Home healthcare employee health and safety at a glance:
- Subset of Ambulatory Health with 1.12 million workers
- Extremely under-inspected by OSHA
- Total injury and illness rate equal to the U.S. average
- At least 140,780 work days lost from 10,480 lost-time (Days Away) injuries
- $684 million lost to injuries, requiring over $3.5 billion in billing to offset
Healthcare workers represented approximately 12% of the 2011 U.S. workforce (126 million) and included 15.2 million professionals, technicians, support workers and others not directly providing patient care (i.e., maintenance and laundry). Steadily growing, the healthcare worker population already far exceeds that of the manufacturing sector (11.6 million). Home Health Care (NAICS 6216), a subset of Ambulatory Healthcare, reported a 2011 worker population of 1.12 million, second in that sector only to offices of physicians (2.4 million).
In FY2012, federal OSHA conducted 28 Home Healthcare inspections (0.06% of their total done), while state programs conducted 35 (0.06% of their total done). Though trending up, the numbers of inspections are very low for the workforce size. Based strictly on worker population, at 0.89% of the 2011 U.S. workforce (assuming no change in 2012) Home Healthcare would have experienced 917 of the 102,990 federal and state OSHA inspections conducted last year. They received only 6.9% of that amount.
Is the extremely low rate of inspections due to good safety performance? No. Although Ambulatory Health was the only healthcare sector to report an injury and illness total case rate (2.7 per 100 employees) less than the FY2011 U.S. average (3.8) for all industries, Home Healthcare reported a rate of 3.8, placing them right at average.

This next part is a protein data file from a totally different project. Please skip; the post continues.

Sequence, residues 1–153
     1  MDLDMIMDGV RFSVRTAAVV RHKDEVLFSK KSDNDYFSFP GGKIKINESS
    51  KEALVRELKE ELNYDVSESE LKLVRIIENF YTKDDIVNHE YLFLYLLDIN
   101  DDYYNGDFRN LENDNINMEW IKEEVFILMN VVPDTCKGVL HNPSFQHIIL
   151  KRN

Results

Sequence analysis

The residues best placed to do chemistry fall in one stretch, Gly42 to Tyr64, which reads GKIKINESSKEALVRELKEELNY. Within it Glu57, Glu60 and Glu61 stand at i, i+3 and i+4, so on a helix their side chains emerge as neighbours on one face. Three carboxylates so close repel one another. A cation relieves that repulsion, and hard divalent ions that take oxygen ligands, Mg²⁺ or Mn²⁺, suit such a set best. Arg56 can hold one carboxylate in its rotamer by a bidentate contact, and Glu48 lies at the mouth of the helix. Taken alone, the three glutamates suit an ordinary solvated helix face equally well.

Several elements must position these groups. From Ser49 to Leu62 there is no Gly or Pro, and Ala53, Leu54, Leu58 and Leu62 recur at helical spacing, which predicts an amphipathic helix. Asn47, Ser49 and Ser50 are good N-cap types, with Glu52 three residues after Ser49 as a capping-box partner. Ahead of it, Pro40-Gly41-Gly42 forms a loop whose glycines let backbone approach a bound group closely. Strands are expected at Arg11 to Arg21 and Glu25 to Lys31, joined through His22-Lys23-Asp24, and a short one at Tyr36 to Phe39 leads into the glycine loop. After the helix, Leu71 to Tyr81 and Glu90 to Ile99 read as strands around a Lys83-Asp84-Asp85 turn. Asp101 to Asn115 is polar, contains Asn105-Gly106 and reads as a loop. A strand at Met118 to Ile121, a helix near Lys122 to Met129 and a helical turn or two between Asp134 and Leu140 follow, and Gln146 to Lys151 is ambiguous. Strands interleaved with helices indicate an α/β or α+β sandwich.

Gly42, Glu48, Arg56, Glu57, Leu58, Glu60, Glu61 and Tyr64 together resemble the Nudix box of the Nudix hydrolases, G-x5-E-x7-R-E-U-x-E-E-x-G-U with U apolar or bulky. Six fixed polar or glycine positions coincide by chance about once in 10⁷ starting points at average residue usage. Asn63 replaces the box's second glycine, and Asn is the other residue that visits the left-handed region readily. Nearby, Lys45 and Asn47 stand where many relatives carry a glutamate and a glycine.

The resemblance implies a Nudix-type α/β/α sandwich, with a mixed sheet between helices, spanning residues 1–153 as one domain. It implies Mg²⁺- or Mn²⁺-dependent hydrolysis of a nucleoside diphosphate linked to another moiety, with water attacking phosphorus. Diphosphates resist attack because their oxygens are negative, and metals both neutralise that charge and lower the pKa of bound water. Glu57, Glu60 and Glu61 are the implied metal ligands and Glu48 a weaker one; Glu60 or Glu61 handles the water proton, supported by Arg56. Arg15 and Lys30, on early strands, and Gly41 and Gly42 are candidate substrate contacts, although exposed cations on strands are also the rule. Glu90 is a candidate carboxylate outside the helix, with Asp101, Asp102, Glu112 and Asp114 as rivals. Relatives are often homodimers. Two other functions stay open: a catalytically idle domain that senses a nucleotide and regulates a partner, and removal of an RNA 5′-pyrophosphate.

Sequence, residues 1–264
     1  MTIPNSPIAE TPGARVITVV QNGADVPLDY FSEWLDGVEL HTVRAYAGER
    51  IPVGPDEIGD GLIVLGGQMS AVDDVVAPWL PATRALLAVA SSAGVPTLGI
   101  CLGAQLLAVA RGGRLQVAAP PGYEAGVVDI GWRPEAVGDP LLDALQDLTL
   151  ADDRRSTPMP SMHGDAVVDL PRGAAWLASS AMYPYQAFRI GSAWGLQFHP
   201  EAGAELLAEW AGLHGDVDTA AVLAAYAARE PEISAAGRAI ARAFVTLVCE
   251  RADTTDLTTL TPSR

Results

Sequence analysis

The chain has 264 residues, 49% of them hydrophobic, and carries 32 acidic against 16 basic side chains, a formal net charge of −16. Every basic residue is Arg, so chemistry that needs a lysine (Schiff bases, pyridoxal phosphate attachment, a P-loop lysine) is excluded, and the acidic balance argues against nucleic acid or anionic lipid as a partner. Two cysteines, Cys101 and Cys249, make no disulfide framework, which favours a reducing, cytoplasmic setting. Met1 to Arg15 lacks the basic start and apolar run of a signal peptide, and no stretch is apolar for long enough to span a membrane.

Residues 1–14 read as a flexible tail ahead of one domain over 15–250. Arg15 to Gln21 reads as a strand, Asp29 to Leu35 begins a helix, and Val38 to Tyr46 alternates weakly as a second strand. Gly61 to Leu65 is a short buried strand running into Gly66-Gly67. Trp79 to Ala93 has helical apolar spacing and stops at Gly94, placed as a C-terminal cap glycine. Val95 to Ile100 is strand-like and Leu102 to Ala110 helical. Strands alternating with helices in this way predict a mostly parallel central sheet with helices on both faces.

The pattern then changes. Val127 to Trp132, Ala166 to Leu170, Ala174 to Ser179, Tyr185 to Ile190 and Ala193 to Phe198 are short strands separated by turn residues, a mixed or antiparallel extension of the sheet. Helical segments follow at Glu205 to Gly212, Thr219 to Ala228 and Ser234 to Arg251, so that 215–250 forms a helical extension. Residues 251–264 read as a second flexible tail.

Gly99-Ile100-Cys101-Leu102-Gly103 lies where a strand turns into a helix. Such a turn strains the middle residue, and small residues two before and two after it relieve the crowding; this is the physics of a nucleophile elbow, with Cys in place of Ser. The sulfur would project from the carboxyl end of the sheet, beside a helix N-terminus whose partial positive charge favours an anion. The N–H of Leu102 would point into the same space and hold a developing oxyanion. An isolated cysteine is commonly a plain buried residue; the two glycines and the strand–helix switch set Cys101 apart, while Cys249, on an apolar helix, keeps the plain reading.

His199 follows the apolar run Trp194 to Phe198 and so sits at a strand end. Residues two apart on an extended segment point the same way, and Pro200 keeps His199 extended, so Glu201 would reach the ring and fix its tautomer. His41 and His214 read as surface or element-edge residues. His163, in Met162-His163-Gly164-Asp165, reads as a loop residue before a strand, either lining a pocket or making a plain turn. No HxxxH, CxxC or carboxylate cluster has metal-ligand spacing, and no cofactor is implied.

Home Healthcare suffered a reported 10,480 lost-time (Days Away) injuries in 2011. Their most frequently injured employee was a 45-54 year old female with 1-5 years on the job. She was on duty 2-4 hours between 801 a.m. and noon on Monday before being injured and most likely sprained or strained her back from a fall during patient handling.
Time lost from Days Away injuries was significant. Based on the lowest end of the ranges reported by BLS, Home Healthcare lost at least 140,780 work days in 2011 from their 10,480 DART-related
injuries. The median time was 10 days per injury, with 29.2% of those injured out for 31 days or more.
Loading the Days Away injury data into the OSHA “$afety Pays” calculator produces an estimate of the direct and indirect cost of those injuries along with the amount of additional sales needed (based on a given profit margin) to recover those losses: Home Healthcare spent $684 million, requiring over $3.5 billion in sales to offset (at reported 2010 profit of 19.4%). Of course these sales are actually patient billing, so everyone — employers, insurers, employees, and patients — ends up paying for injuries that largely should not be happening.
Losing $684 million and 140,780 work days to lost-time injuries was only a fraction of that lost by the larger healthcare industry, but the message remains the same: investing in safety culture pays off, and $684 million would buy Home Healthcare a lot of safety.
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